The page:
A first embodiment of the present invention is presented in general form in FIG. 2 and is generally designated therein by the reference character 20. As shown, a laser diode 22 outputs coherent monochromatic radiation into a multi-mode optical fiber segment 24 that is secured to or embedded within a structure 26 that is subjected to recurring bi-directional force Fy. In FIG. 2, the structure 26 is shown in solid-line illustration as a cantilevered beam although suitable structural applications include sensing stress in an aircraft wing. The optical fiber segment 24 is positioned along the X axis, normal to the axis of the perturbation force Fy. As the structure 26 is perturbed along the Y direction, the optical path length of each mode in the optical fiber segment 24 is affected to cause a change in the complex interference pattern of the light in the fiber core. The complex interference pattern is output from the optical fiber segment 24 and projected onto and through a spatial filter 28 onto a photodetector 30, which detector 30 may take the form of a two-dimensional photocell. The spatial filter 28, in its simplest form, is fabricated from a opaque sheet having one or more apertures so that a portion of the speckle pattern, indicated generally at 32, is blocked and a portion or subset thereof is allowed to pass to the photodetector 30. Since the intensity of the total circular speckle pattern 32 remains substantially constant because the average increase in intensity of some of the speckles will be statistically averaged with the average decrease in intensity of other of the speckles, no meaningful signal can be obtained if the entire speckle pattern 32 is presented to the photodetector 30. Accordingly, the spatial filter 28 functions to expose only a portion or subset of the speckle pattern 32 to the photodetector 30, so that a change in intensity can be detected. In general, the subset of the speckle pattern 32 provided by the spatial filter 28 to the photodetector 30 should be sufficiently large so that an adequate signal-to-noise ratio is obtained and sufficiently small so that statistical averaging effects do not prevent discrimination of the perturbation effect in the speckle pattern 32. The shape of the aperture of the spatial filter 28 is shown in FIG. 2 as a circular opening 34, although the shape of the aperture or apertures in the spatial filter 28 may be varied, for example, to form a predetermined rectangular matrix of circular holes. The photodetector 30 outputs an electrical signal in response to the intensity of the subset of speckle pattern 32 imaged onto the photodetector 30 through the spatial filter 28 so that variations in the intensity will provide a corresponding output.
A signal processor 36 accepts the output of the photodetector 30 and processes the signal to obtain an information signal functionally related to the perturbation. Since any movement of optical fiber segment 24 causes a change in the intensity of the speckle pattern 32 imaged onto the photodetector 30. the movement of optical fiber segment 24 will cause a corresponding change in the signal output of the photodetector 30 with the functional relationship empirically determined.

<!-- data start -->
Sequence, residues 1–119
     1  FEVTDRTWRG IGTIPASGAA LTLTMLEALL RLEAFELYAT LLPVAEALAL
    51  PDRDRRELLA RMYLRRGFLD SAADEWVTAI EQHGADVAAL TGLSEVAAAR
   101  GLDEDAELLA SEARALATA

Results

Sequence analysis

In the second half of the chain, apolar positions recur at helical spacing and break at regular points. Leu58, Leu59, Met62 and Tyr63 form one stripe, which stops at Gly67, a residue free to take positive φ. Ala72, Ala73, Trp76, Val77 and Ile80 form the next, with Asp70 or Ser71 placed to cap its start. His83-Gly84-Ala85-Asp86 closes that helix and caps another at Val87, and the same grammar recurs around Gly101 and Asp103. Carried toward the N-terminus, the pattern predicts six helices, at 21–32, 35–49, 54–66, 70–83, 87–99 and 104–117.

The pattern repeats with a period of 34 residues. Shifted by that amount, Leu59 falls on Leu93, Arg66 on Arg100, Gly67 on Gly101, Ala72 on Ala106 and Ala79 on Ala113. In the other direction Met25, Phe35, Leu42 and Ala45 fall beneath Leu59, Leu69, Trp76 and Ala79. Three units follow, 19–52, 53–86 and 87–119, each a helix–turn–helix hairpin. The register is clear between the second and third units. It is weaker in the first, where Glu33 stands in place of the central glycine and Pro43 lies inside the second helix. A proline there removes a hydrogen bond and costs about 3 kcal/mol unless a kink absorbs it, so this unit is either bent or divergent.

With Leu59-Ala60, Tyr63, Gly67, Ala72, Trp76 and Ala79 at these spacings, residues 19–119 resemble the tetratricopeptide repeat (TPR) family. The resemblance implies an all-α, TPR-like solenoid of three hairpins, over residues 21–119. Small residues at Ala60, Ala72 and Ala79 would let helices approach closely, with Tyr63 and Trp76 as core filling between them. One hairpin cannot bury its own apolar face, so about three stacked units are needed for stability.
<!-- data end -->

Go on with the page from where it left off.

A second embodiment of the present invention is illustrated in FIG. 3 and is generally designated by the reference character 40. As shown therein, a laser diode 42 outputs coherent, monochromatic radiation into a multi-mode optical fiber segment 44 which is mounted upon or otherwise secured to a structure 46 that is subjected to a perturbation, for example, periodic movement in the Y axis in response to a bi-directional perturbing force Fy. The optical fiber segment 44 is positioned along the X axis, normal to the Y axis, for maximum sensitivity in a manner consistent with that illustrated in FIG. 2. The complex interference pattern produced by the optical fiber segment 44 is output onto a CCD array 48 as a characteristic speckle pattern 50. The CCD array 48 is preferably located a sufficient distance from the output end of the optical fiber segment 44 so that a pixel on the CCD array 48 is smaller than an average speckle feature; each pixel thereafter generates a signal in response to the intensity of radiation incident on that pixel.
A signal processor 52 accepts the output of the CCD array 48 and analyzes the information in a frame-by-frame manner with between a first frame and its immediately preceding frame providing information that is functionally related to the perturbation. More specifically, the intensity of the energy sensed by each pixel of the CCD array 48 is digitized by a digitizer 54 and stored in a first frame buffer 56. This initial frame data is transferred to a frame delay buffer 58, which holds the frame data for a selected time period, as another data frame is stored in the first data frame buffer 56. The initial frame data in the frame delay buffer 58 is then transferred to the second data frame buffer 60. Accordingly, a preceding (n-1)th data frame is held in the data frame buffer 60 and a subsequent nth data frame is held in the data frame buffer 56. Each buffer can take the form of a conventional memory with multi-bit memory locations that correspond to pixels in the CCD array 48. A differencing circuit 62 then compares the contents of the data frame buffers 56 and 60 on a pixel-by-pixel basis and converts the intensity differences into corresponding absolute values by an absolute value circuit 64, which circuit preferably includes memory locations that correspond to pixels of the CCD array 48. Lastly, the changes in intensities of the pixels of the CCD array 48 are accumulated in a summing circuit 66 to obtain a final value, which is output to some recording device or display. As successive data frame differences are determined, the final value output will vary as the sensing fiber segment 44 is perturbed. Thus, the signal processor 52 can precisely measure the perturbation of the optical fiber segment 44 by measuring the change in intensity of each individual speckle of the speckle pattern 50 on the CCD array 48.